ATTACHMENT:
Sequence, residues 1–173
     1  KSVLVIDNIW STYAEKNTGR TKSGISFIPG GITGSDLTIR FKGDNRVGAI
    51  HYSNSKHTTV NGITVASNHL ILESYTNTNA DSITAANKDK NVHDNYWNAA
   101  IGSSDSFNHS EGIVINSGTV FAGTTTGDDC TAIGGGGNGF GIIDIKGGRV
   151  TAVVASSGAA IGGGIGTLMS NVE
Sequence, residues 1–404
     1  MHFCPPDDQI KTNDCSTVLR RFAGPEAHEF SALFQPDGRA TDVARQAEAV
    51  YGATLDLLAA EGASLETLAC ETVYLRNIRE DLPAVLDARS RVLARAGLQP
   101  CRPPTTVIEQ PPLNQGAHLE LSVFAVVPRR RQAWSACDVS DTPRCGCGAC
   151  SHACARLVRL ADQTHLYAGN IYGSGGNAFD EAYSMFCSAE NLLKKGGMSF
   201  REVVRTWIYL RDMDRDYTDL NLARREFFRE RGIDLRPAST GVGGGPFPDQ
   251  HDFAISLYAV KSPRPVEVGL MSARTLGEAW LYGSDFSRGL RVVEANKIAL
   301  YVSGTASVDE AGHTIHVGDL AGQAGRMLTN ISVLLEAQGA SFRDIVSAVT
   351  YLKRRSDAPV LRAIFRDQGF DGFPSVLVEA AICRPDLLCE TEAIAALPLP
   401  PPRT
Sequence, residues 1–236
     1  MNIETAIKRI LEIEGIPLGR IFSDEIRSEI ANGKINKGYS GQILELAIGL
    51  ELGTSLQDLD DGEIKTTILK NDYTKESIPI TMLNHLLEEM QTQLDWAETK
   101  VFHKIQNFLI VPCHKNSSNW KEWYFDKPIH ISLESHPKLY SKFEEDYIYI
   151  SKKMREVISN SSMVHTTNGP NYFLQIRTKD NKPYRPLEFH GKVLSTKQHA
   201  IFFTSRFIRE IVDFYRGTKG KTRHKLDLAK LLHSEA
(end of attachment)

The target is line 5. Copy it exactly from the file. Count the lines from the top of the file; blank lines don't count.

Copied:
   151  TAVVASSGAA IGGGIGTLMS NVE